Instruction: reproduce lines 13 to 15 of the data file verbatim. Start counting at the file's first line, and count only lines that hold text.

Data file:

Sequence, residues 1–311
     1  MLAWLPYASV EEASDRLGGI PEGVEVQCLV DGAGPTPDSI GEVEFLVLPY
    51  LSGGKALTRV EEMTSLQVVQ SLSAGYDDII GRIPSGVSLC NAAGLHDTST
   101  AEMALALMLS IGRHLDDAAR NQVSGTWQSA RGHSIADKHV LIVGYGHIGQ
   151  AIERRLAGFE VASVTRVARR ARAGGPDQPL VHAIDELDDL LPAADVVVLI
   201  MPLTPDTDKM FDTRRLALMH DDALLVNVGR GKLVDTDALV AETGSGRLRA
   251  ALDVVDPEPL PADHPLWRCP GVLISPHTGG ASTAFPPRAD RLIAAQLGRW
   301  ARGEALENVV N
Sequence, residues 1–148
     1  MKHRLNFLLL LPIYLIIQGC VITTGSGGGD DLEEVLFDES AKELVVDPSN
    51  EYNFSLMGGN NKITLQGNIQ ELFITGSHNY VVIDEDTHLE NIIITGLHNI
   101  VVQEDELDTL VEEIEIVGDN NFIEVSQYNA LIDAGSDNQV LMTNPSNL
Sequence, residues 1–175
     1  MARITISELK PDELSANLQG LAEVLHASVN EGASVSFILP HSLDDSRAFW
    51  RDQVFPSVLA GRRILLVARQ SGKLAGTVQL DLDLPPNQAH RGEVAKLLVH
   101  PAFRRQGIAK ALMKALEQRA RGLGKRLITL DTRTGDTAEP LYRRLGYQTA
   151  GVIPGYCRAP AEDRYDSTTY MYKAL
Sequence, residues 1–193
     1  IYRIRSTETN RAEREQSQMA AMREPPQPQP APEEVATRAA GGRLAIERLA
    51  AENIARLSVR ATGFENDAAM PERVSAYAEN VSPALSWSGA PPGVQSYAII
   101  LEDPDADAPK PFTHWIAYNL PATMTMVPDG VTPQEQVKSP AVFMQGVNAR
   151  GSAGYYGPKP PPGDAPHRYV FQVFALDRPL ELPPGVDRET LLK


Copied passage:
Sequence, residues 1–175
     1  MARITISELK PDELSANLQG LAEVLHASVN EGASVSFILP HSLDDSRAFW
    51  RDQVFPSVLA GRRILLVARQ SGKLAGTVQL DLDLPPNQAH RGEVAKLLVH